New research from HelloFresh bites into the nation’s eating habits and reveals what’s driving Kiwis thoughts and decisions on food.
Barriers to healthy eating revealed
Research reveals that money (52 per cent), time (39 per cent) and knowledge (32 per cent) are the biggest barriers holding Kiwis back from eating a healthy diet. From busy working lives to raising a family, people are struggling to find time or inspiration for nutritious meals.
Another barrier to eating healthy was a lack of confidence when deciding what to cook, with a whopping 79 per cent of respondents admitting that they cook the same meals each week as a result of not being able to decide on a new recipe.
For Kiwis struggling with knowledge and time but still wanting tasty, nutritious meals, HelloFresh’s meal kits are a useful option, especially for the 51 per cent of Kiwis saying they’d eat healthier if meals were pre-planned for them.
HelloFresh recently launched Custom recipes, a first-of-its-kind in the meal kit delivery market in New Zealand.
Customers can now tailor selected recipes by adding, swapping or upgrading ingredients and sides.
If customers are looking to reduce their carb intake, they can swap potato fries for kumara, or swap white rice out for salad, brown or cauliflower rice.
These new options allow for more flexibility in the recipes on offer, meaning Kiwis can still enjoy tasty, convenient meals but customise to better suit their needs.
Kiwis eating habits broken down
Recent findings show that although 74 per cent of the nation claim they eat what they want, 35.5 per cent of recipients ‘eating what they want means following a low-fat or low-carb diet.
To those interested in adapting to a low-carb diet, HelloFresh Dietitian and Director of Culinary Innovation & Operations, Hannah Gilbert suggests to “use low-carb alternatives like cauliflower rice or daikon noodles in place of higher carbohydrate foods such as potatoes, white rice, bread and pasta, something being offered as part of our Carb Smart meal offerings.”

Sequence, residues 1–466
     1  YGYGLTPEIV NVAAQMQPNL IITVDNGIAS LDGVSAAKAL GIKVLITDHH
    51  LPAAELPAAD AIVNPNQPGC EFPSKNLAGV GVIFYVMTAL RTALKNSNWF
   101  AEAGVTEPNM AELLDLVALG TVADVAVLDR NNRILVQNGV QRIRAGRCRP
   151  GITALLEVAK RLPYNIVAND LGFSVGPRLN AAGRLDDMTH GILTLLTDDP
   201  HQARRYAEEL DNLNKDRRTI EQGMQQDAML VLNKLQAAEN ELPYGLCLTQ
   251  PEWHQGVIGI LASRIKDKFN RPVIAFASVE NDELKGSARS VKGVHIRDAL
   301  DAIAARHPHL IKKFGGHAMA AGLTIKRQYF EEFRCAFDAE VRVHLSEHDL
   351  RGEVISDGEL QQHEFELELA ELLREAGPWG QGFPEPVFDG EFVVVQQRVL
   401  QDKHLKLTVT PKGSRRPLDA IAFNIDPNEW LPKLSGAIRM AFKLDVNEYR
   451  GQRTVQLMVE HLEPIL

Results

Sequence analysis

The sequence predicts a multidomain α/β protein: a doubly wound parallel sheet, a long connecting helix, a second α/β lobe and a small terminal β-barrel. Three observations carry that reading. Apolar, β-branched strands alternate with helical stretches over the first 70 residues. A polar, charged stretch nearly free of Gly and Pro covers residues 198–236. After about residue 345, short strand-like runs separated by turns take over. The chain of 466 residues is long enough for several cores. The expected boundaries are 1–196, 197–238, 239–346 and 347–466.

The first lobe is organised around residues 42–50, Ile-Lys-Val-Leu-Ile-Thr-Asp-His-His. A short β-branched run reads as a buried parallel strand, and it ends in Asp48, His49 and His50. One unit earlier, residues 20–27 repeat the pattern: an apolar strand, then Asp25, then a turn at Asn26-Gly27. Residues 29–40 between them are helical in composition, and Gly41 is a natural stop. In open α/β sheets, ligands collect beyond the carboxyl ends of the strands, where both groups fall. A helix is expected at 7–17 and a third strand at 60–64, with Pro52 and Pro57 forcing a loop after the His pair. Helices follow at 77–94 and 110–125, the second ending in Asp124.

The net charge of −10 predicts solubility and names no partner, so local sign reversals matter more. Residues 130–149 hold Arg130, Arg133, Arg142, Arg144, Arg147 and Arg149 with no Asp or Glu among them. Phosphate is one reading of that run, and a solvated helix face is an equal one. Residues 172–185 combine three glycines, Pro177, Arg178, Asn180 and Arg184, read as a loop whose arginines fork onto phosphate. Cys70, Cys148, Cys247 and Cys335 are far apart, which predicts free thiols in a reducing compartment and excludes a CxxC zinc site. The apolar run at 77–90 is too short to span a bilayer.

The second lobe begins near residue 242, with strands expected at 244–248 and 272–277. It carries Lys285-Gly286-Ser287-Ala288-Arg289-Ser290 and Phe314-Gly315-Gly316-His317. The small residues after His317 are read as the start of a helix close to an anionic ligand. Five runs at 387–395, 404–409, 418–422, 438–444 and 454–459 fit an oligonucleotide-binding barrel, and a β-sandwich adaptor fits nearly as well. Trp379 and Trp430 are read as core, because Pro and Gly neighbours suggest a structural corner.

When it comes to consuming 5+ a day, a significant number of Kiwis (80 per cent) feel they aren’t consuming enough veggies.
For those wanting to increase their veggies, Hannah Gilbert, recommends topping up everyday meals with an extra dose of veggies.
“When whipping up a delicious spaghetti bolognese try adding extra vegetables such as grated carrot or baby spinach. Or try adding different coloured veggies like capsicum, green beans or baby corn to your next stir-fry. For those that struggle with experimenting with new types of foods and who like to follow a recipe, HelloFresh has also recently expanded our plant-based selection to two recipes per week, on top of the four vegetarian recipes that we already offer – perfect for those that want to increase their veggie intake,” she says.
Kiwis eating habits broken down by region:
- Kiwis based in Wellington and the Waikato are more time-sensitive compared to Auckland and Nelson, with busy schedules holding them back from eating nutritious meals.
- Wellington houses the majority of the country’s vegetarians, with 15 per cent of the city following a vegetarian diet, in comparison to 11 per cent of those in Auckland and 7 per cent in Waikato.
- A low-fat diet has been adopted by many Kiwis across the country, with Aucklanders ranking higher (32 per cent) than Wellingtonions (21 per cent) and those in the Bay of Plenty (15 per cent).